Organizational Health

Countless campaigns by social justice groups are weakened every year by poor organizational health: inattentive boards, lack of financial controls, antiquated technology, callous people management, poor internal communication. These failings erode performance across the social sector and degrade the experience of everyone working in such organizations. While each particular situation is different, maintaining organizational health over time generally depends on two things: good governance and a robust revenue model.

Both governance and revenue are especially challenging for human rights organizations, especially those operating on the frontlines of struggles for rights. Many donors to charitable causes and many potential board members do not want to be associated with organizations denouncing their governments for rights violations. They do not court controversy. And many organizations struggling against state authority try to avoid state interference in their governance, preferring informal organizational structures without legal boards. Finally, because of the risk aversion among many donors, human rights organizations can find it harder than most to diversify their revenue models.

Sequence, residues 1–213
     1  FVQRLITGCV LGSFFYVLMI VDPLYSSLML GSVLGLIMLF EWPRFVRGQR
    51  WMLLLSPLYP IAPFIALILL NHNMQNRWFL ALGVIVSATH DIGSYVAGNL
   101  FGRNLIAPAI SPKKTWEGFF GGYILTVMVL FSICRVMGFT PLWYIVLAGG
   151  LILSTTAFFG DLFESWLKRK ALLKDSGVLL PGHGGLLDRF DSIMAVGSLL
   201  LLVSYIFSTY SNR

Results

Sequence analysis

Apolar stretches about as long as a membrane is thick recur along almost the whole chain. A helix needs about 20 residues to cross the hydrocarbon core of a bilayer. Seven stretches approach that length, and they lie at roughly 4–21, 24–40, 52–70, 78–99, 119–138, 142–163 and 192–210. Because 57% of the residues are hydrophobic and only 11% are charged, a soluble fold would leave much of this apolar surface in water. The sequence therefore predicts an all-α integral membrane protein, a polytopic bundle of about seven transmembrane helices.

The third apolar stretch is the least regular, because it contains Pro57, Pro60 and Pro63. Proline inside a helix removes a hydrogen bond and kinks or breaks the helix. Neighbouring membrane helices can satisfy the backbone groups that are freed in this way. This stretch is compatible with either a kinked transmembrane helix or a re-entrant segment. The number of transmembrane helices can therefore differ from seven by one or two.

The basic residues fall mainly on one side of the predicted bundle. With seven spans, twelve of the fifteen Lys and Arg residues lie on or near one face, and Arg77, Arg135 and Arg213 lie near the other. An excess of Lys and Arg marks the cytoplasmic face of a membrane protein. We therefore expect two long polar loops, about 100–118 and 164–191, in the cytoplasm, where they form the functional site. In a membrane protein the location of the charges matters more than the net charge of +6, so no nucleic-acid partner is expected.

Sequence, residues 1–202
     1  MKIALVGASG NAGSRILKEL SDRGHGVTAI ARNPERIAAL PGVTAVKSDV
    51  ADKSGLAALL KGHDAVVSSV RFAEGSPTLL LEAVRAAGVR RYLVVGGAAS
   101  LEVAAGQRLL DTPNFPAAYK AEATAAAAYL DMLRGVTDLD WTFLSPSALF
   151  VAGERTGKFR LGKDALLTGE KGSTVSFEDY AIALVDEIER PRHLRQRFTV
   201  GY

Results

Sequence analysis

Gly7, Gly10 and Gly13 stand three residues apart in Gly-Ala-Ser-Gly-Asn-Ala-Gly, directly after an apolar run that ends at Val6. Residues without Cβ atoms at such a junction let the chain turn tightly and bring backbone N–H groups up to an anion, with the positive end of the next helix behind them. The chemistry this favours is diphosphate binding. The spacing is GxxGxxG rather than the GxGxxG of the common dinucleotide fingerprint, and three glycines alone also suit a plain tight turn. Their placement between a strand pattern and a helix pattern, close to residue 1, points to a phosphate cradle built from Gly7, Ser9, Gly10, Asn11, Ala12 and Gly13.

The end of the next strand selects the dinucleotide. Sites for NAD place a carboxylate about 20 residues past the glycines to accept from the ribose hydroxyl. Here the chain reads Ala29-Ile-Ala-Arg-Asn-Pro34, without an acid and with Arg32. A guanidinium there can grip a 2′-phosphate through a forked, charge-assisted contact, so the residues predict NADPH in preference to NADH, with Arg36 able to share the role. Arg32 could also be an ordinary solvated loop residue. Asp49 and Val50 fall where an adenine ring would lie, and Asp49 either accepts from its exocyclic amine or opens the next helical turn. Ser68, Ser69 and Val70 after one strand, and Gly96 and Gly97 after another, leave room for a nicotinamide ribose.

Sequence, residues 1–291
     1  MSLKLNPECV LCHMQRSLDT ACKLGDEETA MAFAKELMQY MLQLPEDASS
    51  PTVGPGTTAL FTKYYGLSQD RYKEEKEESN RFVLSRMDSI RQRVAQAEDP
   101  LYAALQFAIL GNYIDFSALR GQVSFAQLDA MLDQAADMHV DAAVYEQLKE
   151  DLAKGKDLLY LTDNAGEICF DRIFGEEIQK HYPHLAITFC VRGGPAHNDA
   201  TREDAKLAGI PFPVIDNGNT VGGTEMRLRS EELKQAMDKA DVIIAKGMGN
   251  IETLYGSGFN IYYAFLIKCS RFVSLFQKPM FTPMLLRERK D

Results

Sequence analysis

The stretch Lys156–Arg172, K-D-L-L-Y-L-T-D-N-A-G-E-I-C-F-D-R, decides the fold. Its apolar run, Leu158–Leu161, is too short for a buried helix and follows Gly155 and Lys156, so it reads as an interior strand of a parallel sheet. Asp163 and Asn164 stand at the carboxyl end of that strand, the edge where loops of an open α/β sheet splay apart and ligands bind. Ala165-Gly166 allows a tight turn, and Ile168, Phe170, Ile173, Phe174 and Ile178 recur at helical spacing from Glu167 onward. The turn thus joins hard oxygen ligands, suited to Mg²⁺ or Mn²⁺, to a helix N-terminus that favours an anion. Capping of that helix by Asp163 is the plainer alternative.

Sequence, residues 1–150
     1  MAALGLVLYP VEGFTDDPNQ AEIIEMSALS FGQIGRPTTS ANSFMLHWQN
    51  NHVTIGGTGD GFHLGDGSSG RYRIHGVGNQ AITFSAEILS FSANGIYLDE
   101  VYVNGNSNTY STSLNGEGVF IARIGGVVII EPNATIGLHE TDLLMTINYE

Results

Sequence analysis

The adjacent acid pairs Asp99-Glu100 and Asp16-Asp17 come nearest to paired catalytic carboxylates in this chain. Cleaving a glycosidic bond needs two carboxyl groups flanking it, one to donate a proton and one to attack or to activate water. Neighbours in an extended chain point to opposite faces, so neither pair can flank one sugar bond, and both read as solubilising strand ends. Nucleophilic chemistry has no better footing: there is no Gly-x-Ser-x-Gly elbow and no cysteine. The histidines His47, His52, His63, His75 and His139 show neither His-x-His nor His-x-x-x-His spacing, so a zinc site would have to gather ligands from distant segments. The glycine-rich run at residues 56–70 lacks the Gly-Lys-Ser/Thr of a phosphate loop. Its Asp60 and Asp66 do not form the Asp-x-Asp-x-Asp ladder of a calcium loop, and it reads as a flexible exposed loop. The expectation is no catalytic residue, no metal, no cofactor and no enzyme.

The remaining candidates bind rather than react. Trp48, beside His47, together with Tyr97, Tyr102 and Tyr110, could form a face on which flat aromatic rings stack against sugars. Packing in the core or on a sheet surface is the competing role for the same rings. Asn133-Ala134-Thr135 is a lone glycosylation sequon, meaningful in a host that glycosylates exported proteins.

The Symposium provides opportunities to look inside organizations that have overcome these barriers to organizational health. There are lessons to be learned from frontline organizations that voluntarily adopt rigorous governance structures even when not required. And we can learn similar lessons from organizations that have succeeded at expanding revenue from sources long ignored. Stronger governance and revenue models alone won’t guarantee organizational health, but they make it possible and help to sustain it.